Young Man Drinking In An Old Man Bar Waiting For.His.Time.To.Die Teerak- My Mom Is Sick And I Need Money

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Teerak- My Mom Is Sick And I Need Money

Introduction

“Teerak, my mom is sick and I need money”. For those who don’t know, “teerak” is the Thai equivalent of “kara”, used by “faan”, a gender neutral equivalent of boyfriend and girlfriend. It is no big secret that there is a lot of prostitution in Thailand, although the numbers are greatly exaggerated by sensational media. There are many stories of cunning bar girls who manage five or six boyfriends at once and come up with ever more innovative ways to extract money. “Teerak, my mom is sick and I need money” is a classic line used by farang residents in Thailand to describe such girls.

Perhaps less well known is the culture of family. The Thai family is the centerpiece of society in ways that many people in the West find difficult to understand. Simply put, the family takes care of each other. If you marry into a Thai family, you are expected to support that family. In practice, however, most Thai women will expect their Farang boyfriend to support the family as well. The “wealth” of a man is therefore a very important factor in choosing a partner. To some it seems very cynical, almost similar to prostitution. This is a vast over-simplification. Thai culture is not Western culture: neither necessarily better nor worse, just different.

The Beginning: March 25, 2006

My ex faan (very ex ex) is calling me. As usual I don’t answer. If I answered every phone call I get, I would be on the phone 30 hours a day. Then see that I have an sms from her. “My mom is dying.” Okay, that sounds serious. I call her and 2 hours later I’m at Phatumtani hospital, about an hour from central Bangkok.

It is a government hospital and I have heard bad things about these institutions. But it was clean, the patients were sick but not poorly cared for, the staff seemed professional and the care was pretty good. In that classic Thai way, which I really love and admire, all the families of the patients are on site. Everything is very chaotic but everything in Thailand is chaotic, and it is beautiful.

Opposite us is a very old and very small lady. She must be in her 80s and she is dying. It’s not a big deal. It’s just her time. Her whole family is there, working shifts. Her grandson, who I guess is 35+, is now on his shift. You can see right away that caring is not his thing! Yet he washes her, chases her around, resting her head on the pillow, holding her hand, sleeping on the floor under her bed. All in all he shows his love and respect to his grandmother. It is a sad occasion but also an invigorating one.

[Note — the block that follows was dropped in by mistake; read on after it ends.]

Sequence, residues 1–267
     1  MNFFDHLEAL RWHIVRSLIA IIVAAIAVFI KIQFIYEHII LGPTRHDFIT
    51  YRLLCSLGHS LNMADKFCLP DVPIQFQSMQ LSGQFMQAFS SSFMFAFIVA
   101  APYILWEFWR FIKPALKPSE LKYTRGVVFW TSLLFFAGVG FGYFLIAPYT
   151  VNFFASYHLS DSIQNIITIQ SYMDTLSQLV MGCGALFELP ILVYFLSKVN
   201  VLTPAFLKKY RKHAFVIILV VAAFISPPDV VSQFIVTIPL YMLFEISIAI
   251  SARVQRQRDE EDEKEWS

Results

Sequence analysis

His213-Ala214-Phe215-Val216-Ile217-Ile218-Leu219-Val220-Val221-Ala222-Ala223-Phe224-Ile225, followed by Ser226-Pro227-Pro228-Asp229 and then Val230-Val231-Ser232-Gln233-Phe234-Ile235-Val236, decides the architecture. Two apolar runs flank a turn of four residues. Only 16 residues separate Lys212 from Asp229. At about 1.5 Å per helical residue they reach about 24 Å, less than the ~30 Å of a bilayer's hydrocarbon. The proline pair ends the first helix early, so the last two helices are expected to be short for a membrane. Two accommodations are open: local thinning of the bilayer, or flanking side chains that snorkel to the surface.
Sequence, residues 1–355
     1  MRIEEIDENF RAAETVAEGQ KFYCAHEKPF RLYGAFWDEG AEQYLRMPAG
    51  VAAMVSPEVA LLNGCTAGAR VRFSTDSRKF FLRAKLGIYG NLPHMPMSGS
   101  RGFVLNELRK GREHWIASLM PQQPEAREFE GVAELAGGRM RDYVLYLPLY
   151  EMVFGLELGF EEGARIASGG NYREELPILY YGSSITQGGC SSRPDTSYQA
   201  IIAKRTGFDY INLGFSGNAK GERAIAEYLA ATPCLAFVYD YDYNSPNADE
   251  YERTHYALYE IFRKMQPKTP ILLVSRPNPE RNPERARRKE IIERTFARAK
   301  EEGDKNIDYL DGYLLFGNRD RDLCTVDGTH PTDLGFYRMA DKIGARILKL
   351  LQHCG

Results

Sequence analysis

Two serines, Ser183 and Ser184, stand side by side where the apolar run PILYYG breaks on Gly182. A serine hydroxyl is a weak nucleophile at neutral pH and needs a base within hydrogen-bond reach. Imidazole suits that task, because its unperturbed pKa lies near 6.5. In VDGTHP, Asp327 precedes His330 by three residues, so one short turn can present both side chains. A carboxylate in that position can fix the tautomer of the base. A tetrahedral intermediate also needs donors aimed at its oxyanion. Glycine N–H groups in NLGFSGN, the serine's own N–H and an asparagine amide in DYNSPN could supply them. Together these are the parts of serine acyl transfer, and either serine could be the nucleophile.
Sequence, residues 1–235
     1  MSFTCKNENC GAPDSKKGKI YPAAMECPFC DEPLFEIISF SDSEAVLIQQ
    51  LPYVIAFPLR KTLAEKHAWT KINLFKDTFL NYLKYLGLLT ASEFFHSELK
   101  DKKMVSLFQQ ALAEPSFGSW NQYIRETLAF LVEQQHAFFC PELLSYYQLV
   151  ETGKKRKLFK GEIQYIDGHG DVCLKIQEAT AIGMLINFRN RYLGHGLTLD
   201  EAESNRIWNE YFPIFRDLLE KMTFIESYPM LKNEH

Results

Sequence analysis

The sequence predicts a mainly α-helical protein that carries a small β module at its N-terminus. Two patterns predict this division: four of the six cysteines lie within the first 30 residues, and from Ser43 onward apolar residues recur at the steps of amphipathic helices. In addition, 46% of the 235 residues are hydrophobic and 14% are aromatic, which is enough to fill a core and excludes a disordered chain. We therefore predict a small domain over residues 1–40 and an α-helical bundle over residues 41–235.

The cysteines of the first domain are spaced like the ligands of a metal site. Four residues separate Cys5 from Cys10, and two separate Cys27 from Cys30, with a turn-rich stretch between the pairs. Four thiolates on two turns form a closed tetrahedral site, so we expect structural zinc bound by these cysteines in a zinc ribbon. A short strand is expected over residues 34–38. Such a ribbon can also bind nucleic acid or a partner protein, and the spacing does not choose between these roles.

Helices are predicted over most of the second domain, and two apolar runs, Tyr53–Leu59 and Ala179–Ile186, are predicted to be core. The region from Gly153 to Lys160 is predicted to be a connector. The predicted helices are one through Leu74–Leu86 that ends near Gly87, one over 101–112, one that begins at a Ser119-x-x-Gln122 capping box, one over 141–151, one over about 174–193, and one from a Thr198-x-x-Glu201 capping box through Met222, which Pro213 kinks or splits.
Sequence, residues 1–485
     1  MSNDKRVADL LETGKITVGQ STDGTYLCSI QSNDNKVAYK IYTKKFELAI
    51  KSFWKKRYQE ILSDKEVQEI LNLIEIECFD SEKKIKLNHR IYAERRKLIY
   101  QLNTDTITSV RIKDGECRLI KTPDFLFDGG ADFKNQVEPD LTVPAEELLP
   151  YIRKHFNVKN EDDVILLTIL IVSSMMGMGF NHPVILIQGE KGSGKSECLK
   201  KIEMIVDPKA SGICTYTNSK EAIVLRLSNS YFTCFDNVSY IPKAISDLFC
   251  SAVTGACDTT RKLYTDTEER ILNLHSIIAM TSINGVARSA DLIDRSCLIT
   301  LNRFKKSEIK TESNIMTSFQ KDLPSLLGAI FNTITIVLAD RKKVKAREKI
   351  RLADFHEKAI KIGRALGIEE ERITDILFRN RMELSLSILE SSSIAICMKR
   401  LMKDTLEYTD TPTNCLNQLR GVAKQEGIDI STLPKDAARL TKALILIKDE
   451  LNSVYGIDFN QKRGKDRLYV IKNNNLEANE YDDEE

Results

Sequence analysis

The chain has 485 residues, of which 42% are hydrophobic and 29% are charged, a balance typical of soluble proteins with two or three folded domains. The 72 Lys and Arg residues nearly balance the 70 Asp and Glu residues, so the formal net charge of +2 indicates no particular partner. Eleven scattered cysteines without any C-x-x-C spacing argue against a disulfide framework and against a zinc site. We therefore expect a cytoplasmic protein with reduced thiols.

I see this with almost every patient and family. A cancer sufferer, close to death, being cared for by her sister. A very, very old lady cared for and fed by her equally old husband. Young children roaming around. Human trafficking in the best way. We farang have a lot to learn from the Thais.

Neung, my ex, cried the whole way in the taxi. We arrive and her mom is not well. It looks like she had an aneurysm. She is unconscious and the nurses said to be ready. Her sister Ying flew in from Chiang Mai and is there. So the girls do their Thai thing and I settle down for a long day. They wash their mom, talk to her, hold her hand and cry a lot (of course!). I grab a little, buy food, buy a drink, etc. And we are waiting for the doctor. He arrives on the floor and begins his rounds but soon disappears. Someone is dying on the floor below. He returned a few hours later. He gets very close to us this time before his phone rings and he leaves again. Another hour passes and then he finally comes to us.

The nurses do some pretty horrible things to Neung’s mom, but for the right reasons of course. The doctor takes his time. He is young but he is thorough. The prognosis is unclear. Basically he says we just have to wait a few days and see what happens.

Neung starts asking me how she can go to be with her mom while she is working, how she can pay the taxi etc. Little by little we reach the point of “teerak, my mom is sick and I need money”. Before I get the chance to make the expected “offer”, her aunt arrives from Chiang Mai, stays for a while, obviously wondering who the hell this farang is, then leaves giving Neung some cash to take care of expenses.

And little by little everyone is encouraged. Neung even has the “balls” to call the insurance agent about the life policy….”teerak, I need to think about funeral expenses….”. Go count!

Neighbors come and neighbors go. Phones are “hot”. It’s good to see people caring. I wish that would be the case when it’s my turn to go.

During the day I wandered up and down the hospital. And it’s interesting. I’m the only farang there. No one speaks a word of English. A little boy of maybe 7 looks at me and says, eyes in fear, “falang” (Taj can’t pronounce the consonant “r”, so “farang” comes out as “falang”). The girls in the 7/11 shop stare at me and laugh… then ask me if I like Pattaya and if they can go with me! I am only an hour from Bangkok, yet it seems as if I am in another world.

I could do without everything. I had to delay a flight back to Switzerland, my home. i am tired I have work to do. And I would obviously prefer Neung’s mother to be well. However, I did not miss the experience. It showed me some good things about this country. It reaffirmed the family ethic. It showed dignity. I’m glad I was there. I don’t think Neung’s mom will recover, but I think her daughter is starting to adjust. We haven’t spoken in many months. Maybe this isn’t the best reason to talk again, but it was good to do it anyway.

Part 2 follows. Original story at [http://www.blog.artthailand.net/?p=14]

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